It’s a well-known fact that has established itself since the dawn of civilization. Kids like to stick stuff inside their mouths, regardless of whether it’s an apple, a bunch of coins, a pen or a Rubik’s cube. That’s their way of getting to know the world around them,but this penchant for physical exploration comes with an incredibly high risk of exposure to germs and bacteria that kids can’t tackle yet, so they end up falling sick.

Also Read: How Do Babies’ Guts Change As They Grow?

Why Do Old People Get Sick So Easily?

The reason in this case is also directly related to one’s immune system. You see, our immune system is nothing but a complex network of cells, tissues and organs that work in tandem to ward off diseases and infections.

Parts of the immune system
Parts of the immune system

Aging is a slow, gradual process that has a direct negative impact on the immune system and its ability to keep diseases at bay. As one grows older, the immune system becomes slower at detecting cell defects and its ability to respond quickly and effectively also declines. This gradual deterioration of one’s immunity caused by natural aging is known as immunosenescence.

Immunosenescence involves a number of biological setbacks to the body, including oxidative damage to DNA through cellular metabolic activity, a reduction in the self-renewal capacity of hematopoietic stem cells (HSC), a marked depletion in the total number of phagocytes in aging hosts and so on.

There are other factors too, such as chemical exposure, radiation and the contraction of certain diseases, all of which accelerate the decline of the immune system over time.

old man
The immune system of the elderly becomes less efficient as they age

What all of this means is that the immune system of old people, especially those who are more than 65 years of age, is already weakened, which makes it difficult to shield (and help recover) the body against the continuous onslaught of germs and bacteria.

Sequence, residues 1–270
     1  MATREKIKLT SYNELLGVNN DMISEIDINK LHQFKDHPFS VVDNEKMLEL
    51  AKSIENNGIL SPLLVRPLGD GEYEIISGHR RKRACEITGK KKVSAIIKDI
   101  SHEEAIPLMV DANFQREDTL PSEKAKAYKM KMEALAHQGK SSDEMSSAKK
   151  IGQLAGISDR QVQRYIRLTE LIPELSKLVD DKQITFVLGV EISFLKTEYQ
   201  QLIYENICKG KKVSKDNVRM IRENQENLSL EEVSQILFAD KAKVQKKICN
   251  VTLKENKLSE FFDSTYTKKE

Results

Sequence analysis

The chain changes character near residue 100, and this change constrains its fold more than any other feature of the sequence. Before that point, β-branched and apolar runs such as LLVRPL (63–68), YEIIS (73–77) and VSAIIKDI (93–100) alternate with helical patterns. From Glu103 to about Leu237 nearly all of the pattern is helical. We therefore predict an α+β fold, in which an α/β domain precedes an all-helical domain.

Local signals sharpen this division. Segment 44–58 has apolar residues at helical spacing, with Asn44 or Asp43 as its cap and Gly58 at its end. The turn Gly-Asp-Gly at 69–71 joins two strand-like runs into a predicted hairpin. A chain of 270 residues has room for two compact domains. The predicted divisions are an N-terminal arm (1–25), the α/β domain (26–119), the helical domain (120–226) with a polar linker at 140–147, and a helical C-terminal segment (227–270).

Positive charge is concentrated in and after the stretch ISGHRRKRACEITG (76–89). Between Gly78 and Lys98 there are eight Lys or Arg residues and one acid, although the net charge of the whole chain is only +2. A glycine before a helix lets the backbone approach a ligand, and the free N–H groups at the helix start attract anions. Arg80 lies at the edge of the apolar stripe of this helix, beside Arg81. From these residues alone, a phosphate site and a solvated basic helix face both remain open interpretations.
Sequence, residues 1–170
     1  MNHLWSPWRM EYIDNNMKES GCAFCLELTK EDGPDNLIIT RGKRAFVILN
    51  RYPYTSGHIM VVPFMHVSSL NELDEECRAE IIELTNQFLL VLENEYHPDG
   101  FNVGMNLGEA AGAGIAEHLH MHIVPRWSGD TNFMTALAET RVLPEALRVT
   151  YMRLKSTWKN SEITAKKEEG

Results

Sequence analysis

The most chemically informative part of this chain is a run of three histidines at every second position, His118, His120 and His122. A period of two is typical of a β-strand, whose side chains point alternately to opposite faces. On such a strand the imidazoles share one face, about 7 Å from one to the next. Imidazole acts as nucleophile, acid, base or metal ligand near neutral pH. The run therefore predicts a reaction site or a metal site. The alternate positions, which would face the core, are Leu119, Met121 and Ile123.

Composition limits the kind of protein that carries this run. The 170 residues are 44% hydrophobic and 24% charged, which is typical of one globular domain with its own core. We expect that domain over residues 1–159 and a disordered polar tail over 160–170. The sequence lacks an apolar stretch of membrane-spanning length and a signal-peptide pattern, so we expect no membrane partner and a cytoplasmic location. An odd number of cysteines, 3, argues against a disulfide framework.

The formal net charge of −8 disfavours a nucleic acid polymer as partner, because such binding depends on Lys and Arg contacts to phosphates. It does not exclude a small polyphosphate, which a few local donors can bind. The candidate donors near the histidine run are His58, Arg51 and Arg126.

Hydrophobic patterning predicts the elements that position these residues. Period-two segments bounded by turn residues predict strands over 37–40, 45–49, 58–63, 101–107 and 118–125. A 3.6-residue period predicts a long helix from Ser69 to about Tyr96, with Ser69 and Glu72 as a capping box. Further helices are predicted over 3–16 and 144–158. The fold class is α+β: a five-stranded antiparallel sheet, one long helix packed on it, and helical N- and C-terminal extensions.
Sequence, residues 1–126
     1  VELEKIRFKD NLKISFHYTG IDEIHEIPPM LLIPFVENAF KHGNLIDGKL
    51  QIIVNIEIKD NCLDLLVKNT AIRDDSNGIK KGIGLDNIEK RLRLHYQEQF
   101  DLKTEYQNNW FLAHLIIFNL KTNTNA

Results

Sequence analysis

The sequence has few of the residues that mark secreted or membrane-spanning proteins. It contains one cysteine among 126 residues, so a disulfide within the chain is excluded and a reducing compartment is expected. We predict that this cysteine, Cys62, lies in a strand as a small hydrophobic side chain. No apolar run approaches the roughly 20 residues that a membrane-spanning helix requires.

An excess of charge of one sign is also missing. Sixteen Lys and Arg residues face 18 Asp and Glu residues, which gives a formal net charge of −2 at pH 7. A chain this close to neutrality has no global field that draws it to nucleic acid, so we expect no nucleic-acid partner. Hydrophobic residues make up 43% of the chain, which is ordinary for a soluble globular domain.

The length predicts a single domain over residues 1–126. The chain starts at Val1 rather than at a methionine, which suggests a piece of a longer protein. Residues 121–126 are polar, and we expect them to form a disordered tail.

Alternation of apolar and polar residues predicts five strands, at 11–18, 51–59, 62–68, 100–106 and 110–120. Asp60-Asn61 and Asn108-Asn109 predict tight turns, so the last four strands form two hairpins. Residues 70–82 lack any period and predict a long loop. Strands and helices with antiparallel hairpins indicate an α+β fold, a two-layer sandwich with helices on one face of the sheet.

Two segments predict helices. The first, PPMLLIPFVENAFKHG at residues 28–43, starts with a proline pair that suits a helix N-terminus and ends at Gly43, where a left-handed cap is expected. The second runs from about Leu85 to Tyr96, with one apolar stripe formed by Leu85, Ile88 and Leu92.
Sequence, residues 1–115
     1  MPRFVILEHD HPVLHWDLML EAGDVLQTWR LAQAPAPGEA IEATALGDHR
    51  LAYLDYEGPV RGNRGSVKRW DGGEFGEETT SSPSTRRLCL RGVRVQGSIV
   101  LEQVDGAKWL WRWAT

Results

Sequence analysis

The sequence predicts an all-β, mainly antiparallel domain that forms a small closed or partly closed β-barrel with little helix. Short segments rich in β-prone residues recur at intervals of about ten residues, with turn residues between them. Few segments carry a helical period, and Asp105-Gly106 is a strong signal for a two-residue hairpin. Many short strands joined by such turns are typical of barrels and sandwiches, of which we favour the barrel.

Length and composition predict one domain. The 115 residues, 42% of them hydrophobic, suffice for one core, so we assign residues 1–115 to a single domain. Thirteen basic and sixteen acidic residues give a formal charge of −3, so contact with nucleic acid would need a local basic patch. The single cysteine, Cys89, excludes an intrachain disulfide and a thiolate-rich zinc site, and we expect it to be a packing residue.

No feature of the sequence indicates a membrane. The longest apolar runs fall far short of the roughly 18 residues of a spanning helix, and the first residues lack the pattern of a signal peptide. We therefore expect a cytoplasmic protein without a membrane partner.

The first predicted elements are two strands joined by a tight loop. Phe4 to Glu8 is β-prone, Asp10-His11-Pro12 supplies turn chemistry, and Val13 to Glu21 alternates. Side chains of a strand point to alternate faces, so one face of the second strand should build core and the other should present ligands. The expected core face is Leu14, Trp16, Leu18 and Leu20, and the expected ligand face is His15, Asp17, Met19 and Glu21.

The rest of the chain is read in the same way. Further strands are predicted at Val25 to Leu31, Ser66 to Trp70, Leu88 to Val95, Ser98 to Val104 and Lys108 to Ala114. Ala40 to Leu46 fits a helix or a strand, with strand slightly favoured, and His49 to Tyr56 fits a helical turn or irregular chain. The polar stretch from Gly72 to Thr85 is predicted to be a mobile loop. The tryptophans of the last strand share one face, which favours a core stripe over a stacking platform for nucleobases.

A healthy lifestyle (consisting of a healthy diet, no smoking and no drinking) coupled with vaccinations and plenty of exercise can alleviate many of the risks associated with a deteriorated immune system in the elderly. Since toddlers simply won’t understand what I’m talking about, here’s some advice for their parents – let those little ones develop their immune systems and have fun while they’re at it. No matter what you do, they’re bound to get sick early and often in their younger years.

Also Read: Can We Slow Down Aging?

References (click to expand)
  1. National Institute on Aging - National Institutes of Health (NIH). The National Institute on Aging
  2. Should I Be Worried If My Child Gets Sick Too Often?. The University of Utah
  3. Aging changes in immunity: MedlinePlus Medical Encyclopedia. MedlinePlus
  4. Gruver, A., Hudson, L., & Sempowski, G. (2007, January). Immunosenescence of ageing. The Journal of Pathology. Wiley.
About the Author

Ashish is a Science graduate (Bachelor of Science) from Punjabi University (India). He spearheads the content and editorial wing of ScienceABC and manages its official Youtube channel. He’s a Harry Potter fan and tries, in vain, to use spells and charms (Accio! [insert object name]) in real life to get things done. He totally gets why JRR Tolkien would create, from scratch, a language spoken by elves, and tries to bring the same passion in everything he does. A big admirer of Richard Feynman and Nikola Tesla, he obsesses over how thoroughly science dictates every aspect of life… in this universe, at least.